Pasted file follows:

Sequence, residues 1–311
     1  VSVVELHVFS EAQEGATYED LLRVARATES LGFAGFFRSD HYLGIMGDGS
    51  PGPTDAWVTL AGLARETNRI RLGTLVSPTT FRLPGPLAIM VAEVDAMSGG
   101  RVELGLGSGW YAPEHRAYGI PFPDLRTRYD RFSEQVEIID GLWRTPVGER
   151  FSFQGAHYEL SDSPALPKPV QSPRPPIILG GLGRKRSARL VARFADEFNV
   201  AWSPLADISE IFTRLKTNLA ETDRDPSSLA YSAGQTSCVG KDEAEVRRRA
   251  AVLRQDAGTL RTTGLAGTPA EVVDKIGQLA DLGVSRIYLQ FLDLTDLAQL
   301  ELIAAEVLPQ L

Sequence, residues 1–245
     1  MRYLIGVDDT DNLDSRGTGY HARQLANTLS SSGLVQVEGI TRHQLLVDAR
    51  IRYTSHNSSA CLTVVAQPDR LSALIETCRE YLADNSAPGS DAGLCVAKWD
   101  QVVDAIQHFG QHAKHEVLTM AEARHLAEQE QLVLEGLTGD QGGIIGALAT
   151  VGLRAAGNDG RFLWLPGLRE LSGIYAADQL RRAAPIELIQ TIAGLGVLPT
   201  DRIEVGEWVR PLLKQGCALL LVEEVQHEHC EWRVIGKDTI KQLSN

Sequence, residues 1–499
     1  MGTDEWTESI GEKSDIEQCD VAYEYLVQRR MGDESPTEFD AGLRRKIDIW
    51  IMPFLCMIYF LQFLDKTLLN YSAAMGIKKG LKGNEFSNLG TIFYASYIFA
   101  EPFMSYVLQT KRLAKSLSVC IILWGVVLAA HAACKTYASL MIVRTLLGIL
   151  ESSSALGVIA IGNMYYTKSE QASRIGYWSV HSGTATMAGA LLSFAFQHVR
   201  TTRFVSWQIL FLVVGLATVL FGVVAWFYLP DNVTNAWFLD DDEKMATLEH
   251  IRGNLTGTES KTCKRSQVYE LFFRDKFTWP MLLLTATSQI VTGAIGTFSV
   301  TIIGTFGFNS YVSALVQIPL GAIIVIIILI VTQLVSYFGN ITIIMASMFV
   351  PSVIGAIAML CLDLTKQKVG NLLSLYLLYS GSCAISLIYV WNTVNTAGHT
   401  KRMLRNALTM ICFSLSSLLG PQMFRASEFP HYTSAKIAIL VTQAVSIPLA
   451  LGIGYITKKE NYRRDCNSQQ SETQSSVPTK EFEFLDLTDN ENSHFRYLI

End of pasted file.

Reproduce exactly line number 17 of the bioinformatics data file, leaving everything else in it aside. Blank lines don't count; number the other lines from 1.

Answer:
    51  IMPFLCMIYF LQFLDKTLLN YSAAMGIKKG LKGNEFSNLG TIFYASYIFA